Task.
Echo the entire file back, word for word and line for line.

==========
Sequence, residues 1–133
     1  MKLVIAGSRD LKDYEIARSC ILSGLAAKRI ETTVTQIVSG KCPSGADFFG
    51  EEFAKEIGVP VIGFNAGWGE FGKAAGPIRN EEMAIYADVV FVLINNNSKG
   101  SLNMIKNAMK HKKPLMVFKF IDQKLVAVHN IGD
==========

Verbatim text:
Sequence, residues 1–133
     1  MKLVIAGSRD LKDYEIARSC ILSGLAAKRI ETTVTQIVSG KCPSGADFFG
    51  EEFAKEIGVP VIGFNAGWGE FGKAAGPIRN EEMAIYADVV FVLINNNSKG
   101  SLNMIKNAMK HKKPLMVFKF IDQKLVAVHN IGD